"Visions of Sugarplums..." - Favorite Christmas Goodies Recipes
Before you run out and load up on gourmet chocolates and chocolate gift baskets, consider the alternative. Homemade fudge and Christmas treats let them know that you not only cared enough to give the very best, but also that you gave of your time, energy and creativity to gift them with your best.
As well, the cost savings are so incredible that you can afford to use gourmet ingredients if you choose. You never want to skimp on the quality of the ingredients - always buy the best you can afford - but there's no need to go overboard either. These recipes from my family treasury use simple, every-day ingredients, and will yield some of the yummiest, most delectable Christmas goodies you will ever taste.
My favorites are all the delicious varieties of chocolate treats. Dark chocolate fudge is a big winner. So smooth and creamy it literally melts on the tongue, it is only surpassed by heavenly chocolate covered cherries and strawberries, or white chocolate-coated pecans and pretzels. Whatever your taste, your family and friends are sure to appreciate the scrumptious Christmas treats that fill their gift baskets and grace their tables this Christmas.
Testing For Doneness:
These candies are made using the cold water method to test doneness. Fill a small bowl with cold water. Allow the candy to fall in into the water from a spoon in small drops.
When the drops can be formed into a ball that will hold its shape, the candy has reached the "soft ball" stage - the perfect stage for most fudges.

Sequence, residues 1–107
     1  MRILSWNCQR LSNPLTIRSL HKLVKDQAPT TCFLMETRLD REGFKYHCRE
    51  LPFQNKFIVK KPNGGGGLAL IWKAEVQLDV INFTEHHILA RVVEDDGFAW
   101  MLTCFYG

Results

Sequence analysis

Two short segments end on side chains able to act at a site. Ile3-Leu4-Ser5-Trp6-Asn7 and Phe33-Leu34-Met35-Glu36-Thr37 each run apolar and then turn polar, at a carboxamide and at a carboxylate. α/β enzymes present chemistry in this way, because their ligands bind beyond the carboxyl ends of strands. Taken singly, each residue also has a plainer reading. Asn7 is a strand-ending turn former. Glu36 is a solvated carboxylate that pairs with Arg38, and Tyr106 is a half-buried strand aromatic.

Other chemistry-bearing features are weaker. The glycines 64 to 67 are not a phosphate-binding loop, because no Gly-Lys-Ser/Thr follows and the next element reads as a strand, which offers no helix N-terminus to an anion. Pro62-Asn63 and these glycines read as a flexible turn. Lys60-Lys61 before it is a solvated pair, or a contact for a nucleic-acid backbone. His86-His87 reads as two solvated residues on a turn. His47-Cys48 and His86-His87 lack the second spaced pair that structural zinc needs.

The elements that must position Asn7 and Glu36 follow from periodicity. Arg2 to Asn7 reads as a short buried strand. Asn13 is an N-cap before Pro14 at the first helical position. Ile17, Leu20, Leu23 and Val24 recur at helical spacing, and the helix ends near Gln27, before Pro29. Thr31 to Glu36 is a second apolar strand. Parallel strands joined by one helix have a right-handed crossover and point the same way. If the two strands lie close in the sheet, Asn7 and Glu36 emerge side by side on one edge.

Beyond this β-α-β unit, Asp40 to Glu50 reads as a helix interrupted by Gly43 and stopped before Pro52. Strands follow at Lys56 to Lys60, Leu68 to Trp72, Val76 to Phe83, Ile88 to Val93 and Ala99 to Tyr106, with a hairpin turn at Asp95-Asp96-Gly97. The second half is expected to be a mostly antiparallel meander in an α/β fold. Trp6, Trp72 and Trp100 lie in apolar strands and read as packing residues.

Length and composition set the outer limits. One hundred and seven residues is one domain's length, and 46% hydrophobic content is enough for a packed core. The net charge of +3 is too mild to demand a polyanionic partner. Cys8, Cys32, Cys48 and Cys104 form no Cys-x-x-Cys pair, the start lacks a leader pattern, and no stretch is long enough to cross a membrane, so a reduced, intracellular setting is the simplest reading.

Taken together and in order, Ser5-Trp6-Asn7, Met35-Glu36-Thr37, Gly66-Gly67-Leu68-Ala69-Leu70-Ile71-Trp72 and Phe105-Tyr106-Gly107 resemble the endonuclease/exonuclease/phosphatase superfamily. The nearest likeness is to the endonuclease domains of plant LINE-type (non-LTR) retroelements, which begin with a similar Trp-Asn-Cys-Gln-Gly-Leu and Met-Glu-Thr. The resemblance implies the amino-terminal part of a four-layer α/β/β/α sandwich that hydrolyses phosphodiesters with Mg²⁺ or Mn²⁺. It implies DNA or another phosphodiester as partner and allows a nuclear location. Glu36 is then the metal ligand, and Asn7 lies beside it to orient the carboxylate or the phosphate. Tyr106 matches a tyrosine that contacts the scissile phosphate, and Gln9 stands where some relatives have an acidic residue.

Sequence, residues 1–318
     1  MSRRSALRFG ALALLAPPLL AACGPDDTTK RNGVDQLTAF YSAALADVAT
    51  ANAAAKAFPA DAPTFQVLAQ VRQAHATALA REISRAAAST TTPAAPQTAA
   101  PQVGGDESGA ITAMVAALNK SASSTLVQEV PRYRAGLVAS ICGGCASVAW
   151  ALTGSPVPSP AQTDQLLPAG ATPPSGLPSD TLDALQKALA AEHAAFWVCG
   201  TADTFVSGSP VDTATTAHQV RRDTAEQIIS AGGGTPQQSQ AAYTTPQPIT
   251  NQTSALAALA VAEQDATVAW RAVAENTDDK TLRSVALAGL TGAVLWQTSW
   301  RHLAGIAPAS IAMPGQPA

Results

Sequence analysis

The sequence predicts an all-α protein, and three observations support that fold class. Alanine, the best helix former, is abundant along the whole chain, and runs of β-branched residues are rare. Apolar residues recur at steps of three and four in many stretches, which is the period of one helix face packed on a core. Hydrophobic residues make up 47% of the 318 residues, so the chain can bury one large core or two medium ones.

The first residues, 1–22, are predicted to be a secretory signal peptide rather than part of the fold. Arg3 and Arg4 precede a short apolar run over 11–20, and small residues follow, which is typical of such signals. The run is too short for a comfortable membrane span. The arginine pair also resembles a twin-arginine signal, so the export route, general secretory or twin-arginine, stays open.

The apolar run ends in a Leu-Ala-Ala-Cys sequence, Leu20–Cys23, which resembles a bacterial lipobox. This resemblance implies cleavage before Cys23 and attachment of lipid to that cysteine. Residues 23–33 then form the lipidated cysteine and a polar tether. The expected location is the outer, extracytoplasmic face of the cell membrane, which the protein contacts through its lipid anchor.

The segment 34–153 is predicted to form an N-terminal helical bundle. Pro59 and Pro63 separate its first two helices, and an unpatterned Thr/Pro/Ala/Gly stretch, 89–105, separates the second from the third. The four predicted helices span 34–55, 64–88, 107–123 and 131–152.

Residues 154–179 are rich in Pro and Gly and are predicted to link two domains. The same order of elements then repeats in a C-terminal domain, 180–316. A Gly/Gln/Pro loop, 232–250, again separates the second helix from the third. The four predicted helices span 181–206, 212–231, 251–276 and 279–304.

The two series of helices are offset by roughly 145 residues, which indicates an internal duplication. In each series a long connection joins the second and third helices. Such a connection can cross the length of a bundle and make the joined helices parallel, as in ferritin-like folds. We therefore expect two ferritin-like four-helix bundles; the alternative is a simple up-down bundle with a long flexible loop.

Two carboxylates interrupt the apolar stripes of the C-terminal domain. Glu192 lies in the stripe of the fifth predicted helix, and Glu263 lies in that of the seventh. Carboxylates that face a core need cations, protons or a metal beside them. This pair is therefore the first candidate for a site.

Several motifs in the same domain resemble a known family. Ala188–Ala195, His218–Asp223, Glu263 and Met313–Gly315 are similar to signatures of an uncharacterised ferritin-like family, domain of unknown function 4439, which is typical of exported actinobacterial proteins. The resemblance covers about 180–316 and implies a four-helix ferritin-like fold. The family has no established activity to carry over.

As the boiling continues, the candy will form a firm ball (caramels), a hard ball (toffee), a crack or thread when it is dropped into the water (butterscotch), or a hard crack or thread (brittles).
- 2 cups sugar
- 2/3 cup milk
- 1/4 tsp cream of tartar, or 2 tbsp corn starch
- 1 tbsp butter
- 1/2 tsp vanilla extract
- Boil together sugar, milk and cream of tartar or corn syrup to "soft ball" stage - 234 F on a candy thermometer
- Add butter and boil one minute longer
- Let stand 'til almost lukewarm
- Add flavoring and beat until smooth and creamy
- Pour into a buttered pan to a depth of 1/2 inch or slightly more
- Mark in squares and let stand 'til firm and dry
- Cut into squares
Chocolate Fudge: Add two ounces of grated sweet, semi-sweet, or bittersweet chocolate with the sugar.
Coconut Fudge: Add one cup shredded coconut after the fudge has been beaten and just before pouring it into the pan.
Date/Nut Fudge: Add one cup finely chopped dates and 1/2 cup broken pecans or walnuts after the mixture has been beaten. If you prefer, omit the dates completely and increase the nuts to 1 cup.
Plain Toffee (Pull Taffy)
- 2 cups granulated sugar
- 1 cup water
- 2 tsp cream of tartar or 3 tbsp vinegar
- 1/8 tsp salt
- 1 tsp vanilla
- Combine sugar, water, cream of tartar and salt
- Boil to "hard ball" stage, about 265 F on a candy thermometer
- Add vanilla and pour onto a buttered platter
- When just cool enough to handle but still quite warm, butter your hands and pull the taffy until it is white and firm